Now I use an Oura ring for that. And this way, we can actually answer your question. And we can also answer what are you willing to sacrifice? Are you with me on that? So just like we need a bass line, we need some metrics, we need some data to say, okay, here’s your current body fat percentage, here’s the amount of muscle you have, here’s your resting heart rate, those are indicative of the three most important things that you can influence when it comes to fitness.
Then we can say, okay, how do these change over time. So if you’re not currently getting a DEXA scan, at least yearly, you’re really doing yourself a disservice. Because you’re not seeing, are you getting fatter over time? Now, you might think, well, I step on the scale, I think I’m pretty sure what’s happening. Or maybe you might think, well, I’m working out really hard, so all that weight that I’m gaining must be muscle, but you don’t really know. And in my coaching program, this is what we start our clients with.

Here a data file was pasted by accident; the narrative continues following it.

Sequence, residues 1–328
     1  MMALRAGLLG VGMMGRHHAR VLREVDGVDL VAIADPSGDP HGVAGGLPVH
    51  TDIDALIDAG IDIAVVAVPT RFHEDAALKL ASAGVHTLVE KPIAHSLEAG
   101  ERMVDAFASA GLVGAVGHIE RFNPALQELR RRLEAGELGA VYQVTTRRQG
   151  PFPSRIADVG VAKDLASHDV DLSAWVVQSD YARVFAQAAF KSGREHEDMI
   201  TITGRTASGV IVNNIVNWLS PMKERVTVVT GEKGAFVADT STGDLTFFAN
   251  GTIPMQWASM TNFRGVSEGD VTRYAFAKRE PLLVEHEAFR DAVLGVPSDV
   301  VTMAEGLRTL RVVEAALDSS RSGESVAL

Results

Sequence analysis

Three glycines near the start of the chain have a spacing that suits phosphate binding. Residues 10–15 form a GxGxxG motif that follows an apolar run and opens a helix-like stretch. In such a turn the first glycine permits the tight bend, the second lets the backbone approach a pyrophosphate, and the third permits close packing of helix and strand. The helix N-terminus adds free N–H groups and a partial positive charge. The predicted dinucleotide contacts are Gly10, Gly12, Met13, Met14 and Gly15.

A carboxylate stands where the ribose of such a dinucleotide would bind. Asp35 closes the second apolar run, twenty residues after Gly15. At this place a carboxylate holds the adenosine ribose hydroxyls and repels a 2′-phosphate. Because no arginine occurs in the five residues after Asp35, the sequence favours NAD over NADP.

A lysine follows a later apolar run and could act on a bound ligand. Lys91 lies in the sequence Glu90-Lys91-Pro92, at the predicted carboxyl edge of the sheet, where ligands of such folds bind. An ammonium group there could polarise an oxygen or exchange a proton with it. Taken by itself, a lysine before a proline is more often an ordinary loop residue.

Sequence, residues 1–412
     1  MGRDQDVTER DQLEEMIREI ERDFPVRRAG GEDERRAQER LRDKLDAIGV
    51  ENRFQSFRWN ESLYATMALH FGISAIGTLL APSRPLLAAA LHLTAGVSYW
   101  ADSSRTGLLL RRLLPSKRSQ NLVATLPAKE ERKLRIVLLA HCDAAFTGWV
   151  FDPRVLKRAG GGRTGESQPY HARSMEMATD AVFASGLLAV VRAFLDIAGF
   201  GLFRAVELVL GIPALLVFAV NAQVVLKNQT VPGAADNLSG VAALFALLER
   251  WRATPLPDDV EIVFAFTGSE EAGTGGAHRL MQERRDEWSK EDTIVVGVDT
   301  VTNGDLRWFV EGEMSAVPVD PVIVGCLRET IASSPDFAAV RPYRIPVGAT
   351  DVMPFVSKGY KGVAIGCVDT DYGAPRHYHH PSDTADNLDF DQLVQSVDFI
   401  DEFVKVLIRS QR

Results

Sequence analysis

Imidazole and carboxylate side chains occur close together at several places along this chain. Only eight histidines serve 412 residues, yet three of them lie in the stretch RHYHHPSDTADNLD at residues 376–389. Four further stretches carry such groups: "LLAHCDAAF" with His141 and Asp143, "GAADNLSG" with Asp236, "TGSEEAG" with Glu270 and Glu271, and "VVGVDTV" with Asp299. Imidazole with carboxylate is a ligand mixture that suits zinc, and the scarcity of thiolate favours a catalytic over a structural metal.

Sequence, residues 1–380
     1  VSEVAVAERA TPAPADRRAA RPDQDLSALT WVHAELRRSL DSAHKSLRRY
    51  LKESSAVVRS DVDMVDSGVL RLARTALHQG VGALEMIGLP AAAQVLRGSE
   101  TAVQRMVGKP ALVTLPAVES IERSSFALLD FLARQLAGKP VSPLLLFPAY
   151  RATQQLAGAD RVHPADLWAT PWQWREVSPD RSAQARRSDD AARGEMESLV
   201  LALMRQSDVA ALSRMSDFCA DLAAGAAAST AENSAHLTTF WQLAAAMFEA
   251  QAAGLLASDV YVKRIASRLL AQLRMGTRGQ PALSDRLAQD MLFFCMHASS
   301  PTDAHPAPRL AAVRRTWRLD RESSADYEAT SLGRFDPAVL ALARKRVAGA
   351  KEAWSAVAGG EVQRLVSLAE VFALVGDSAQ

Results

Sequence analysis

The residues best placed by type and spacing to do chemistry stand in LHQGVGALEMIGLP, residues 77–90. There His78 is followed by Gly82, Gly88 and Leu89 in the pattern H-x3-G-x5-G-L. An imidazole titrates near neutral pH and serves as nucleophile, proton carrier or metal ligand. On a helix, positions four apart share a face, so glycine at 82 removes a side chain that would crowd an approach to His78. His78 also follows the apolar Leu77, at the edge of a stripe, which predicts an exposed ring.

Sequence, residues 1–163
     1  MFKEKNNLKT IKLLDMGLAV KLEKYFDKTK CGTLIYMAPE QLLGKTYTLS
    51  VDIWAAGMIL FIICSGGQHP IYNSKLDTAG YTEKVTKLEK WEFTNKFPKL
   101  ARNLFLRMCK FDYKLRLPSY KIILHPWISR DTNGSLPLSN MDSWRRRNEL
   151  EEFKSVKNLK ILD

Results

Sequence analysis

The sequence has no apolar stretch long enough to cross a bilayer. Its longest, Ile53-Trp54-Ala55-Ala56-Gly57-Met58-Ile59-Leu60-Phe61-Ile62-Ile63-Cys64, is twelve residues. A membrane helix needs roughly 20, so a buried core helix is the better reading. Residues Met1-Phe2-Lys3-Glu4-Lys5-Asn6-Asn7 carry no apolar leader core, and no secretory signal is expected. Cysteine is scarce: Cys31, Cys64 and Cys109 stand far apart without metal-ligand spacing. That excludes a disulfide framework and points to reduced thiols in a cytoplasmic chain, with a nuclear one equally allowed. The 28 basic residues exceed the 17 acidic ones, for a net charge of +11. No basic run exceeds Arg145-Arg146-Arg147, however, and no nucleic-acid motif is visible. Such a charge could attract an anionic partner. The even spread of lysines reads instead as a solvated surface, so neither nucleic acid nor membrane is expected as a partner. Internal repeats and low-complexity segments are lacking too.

Not all of our clients get DEXA scans, but we really emphasize get a DEXA scan, this is going to tell you what you need to know it’s going to provide some metrics. And just like if you’re an executive running a business, or you’re an entrepreneur, running your own business, or both, knowing the numbers is the key to taking action.
For example, if you’re losing money, then it’s like, what is the least amount of work that I need to do to not lose money? Well, we’re going to have to figure that out. And the answer might be different. So let’s be results oriented. In fact, when I worked with a financial advisor, client of mine, Jeff, shout out to you if you’re listening, Jeff, he said, “One of the best things I took away from working with you Ted was being results oriented.” In other words, you have to use data to make good decisions. Are we all in agreement there? Now that I’ve belabored that point, let’s move on.